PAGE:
How 3D Printing Gives People,Animals and Second Lease on Life
In recent decades, 3D printing started making waves in the world of manufacturing, with pundits around the globe hailing the procedure as a harbinger of the age of hyper-personalized manufacturing and mass customization. Indeed, one cannot deny the universal appeal of 3D printing, which is arguably one of the most important innovations that have been achieved in manufacturing in recent years.
This additive method of manufacturing, which employs precision linear stages and other motion control components, is accomplished through the layer-by-layer deposition of a material to create three-dimensional objects. It has been proven to have so many potential applications that these days, we wonder not about what can’t be achieved through 3D printing, but what else could be done with it.
Some people may approach 3D printing with disinclination due the fact that there are those who explore the possibility of using it to manufacture weapons and instruments of death without much thought about its legal and moral implications. Despite this, however, we can rest easy knowing that there are also people who are alternatively employing this technology to bring more value to the world. From helping animals to improving the lives of other people, here are some of the best examples of how 3D printing is being used by innovators to do good to those around them.
3D-Printed Prosthetics for Animals
The animal kingdom boasts a mind-boggling variety of species, whose millions of years of evolution have mostly ensured that they are well-equipped to meet the challenges presented by their environments. Nevertheless, nature still sometimes make mistakes, and this results in countless animals being born with congenital physical conditions that prevent them from living their lives to the fullest. Sometimes, animals also find themselves caught in unfortunate accidents, which often means they end up with debilitating injuries and deformities that likewise cause untold discomfort and suffering.
Thankfully, some of these animals get a second lease on life due to 3D printing. The internet is rife with stories of such animals being successfully rehabilitated as their disfigurements or injuries are repaired with 3D-printed body parts. There’s Jary, a great pied hornbill from Singapore’s Jurong Bird Park, whose cancer-stricken upper bill was replaced in 2018 with a 3D-printed analogue. There’s also Fred, a tortoise in Brazil who was given a 3D-printed prosthetic shell after his natural one was burned in a bushfire. It was the tortoise’s last hurdle after surviving bouts of pneumonia and 45 days without food in the aftermath of the fire.
Most of the time, the type of animals that receive 3D-printed limbs and other body parts are companion animals like dogs and cats. Take for instance the whippet Romina, who, in 2016 received new, 3D-printed articulated prosthetic legs from specialists at the Universidad del Valle de Mexico’s Veterinary Hospital in Mexico City. The dog lost both of her front legs in 2013 following a lawnmower accident in Brazil. There’s also Cyrano the cat, who, in 2012 became the first feline in the United States to receive a knee-replacement surgery using a 3D-printed implant. The cat was aided by doctors and engineers at the North Carolina State University after cancer rendered one of his hind legs useless.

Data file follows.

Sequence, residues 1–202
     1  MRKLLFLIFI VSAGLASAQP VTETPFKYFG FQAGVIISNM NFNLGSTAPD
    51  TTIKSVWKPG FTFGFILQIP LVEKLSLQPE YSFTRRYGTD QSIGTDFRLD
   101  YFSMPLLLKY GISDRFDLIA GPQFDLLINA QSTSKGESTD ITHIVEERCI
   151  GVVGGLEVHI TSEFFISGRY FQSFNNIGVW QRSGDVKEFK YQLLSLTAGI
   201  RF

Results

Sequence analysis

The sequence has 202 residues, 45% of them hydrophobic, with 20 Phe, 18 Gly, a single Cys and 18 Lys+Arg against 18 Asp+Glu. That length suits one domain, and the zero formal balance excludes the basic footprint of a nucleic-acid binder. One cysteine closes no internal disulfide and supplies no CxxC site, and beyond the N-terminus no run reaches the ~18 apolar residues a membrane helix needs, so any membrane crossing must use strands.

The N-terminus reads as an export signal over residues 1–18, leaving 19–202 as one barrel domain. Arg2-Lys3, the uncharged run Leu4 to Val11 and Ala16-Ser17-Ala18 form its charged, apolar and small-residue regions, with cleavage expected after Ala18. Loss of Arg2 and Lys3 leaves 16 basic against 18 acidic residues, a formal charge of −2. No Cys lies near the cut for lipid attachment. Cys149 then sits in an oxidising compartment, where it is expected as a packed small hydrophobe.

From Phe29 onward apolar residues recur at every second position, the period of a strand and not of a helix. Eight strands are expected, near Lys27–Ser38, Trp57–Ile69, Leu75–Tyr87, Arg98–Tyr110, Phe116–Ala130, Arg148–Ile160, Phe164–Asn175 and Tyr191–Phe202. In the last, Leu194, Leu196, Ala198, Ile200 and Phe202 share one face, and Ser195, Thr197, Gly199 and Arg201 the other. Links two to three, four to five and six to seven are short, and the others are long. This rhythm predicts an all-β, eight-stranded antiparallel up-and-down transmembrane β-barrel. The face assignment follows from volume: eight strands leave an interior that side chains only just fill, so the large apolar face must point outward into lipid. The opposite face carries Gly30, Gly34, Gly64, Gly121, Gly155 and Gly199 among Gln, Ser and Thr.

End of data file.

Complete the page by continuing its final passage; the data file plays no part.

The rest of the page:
3D-Printed Innovations in Human Medicine
Similar 3D-printed prosthetics and medical implants are also being produced for people, and these days, they represent millions of dollars in savings for patients, in addition to improved overall healthcare and quality of life for them.
Low-cost 3D-printed prosthetics, in particular, are having a tremendous impact among people in need in developing countries and even among resource-deprived patients in wealthy countries. Customized medical implants, medical aids, and protective devices, on the other hand, are providing us with a good preview of a more patient-specific paradigm of healthcare in the future.
But perhaps the ultimate holy grail of 3D printing as it relates to human medicine is the ability to print working human organs in the future. The idea of tissue “bioprinting” was pioneered in 2003 by Dr. Thomas Boland of the Clemson University in South Carolina, who studied the feasibility of inkjet printing human cells. Today, scientists are also 3D printing fabricated structures made of synthetic materials that closely resemble the structures of natural human tissues and organs. One recent example is the microscopic 3D-printed blood vessel analogue produced by researchers from the University of Colorado Boulder, which mimics the structure of natural blood vessels.
The goal now is to go beyond printing cell matrices to be able to re-create living organs via 3D printing, complete with blood vessels and other important structures. If this is accomplished in the near future, this will likely solve the perennial global problem of organ shortage, resulting in our species’ unprecedented ability to save the lives of millions of our own.
3D printing is a technology that, a few years ago, many would have considered a domain of science fiction or even magic. Today, we’re able to do all these wonderful things for people and animals alike, simply because of this relatively humble idea that was developed in just the last 40 years.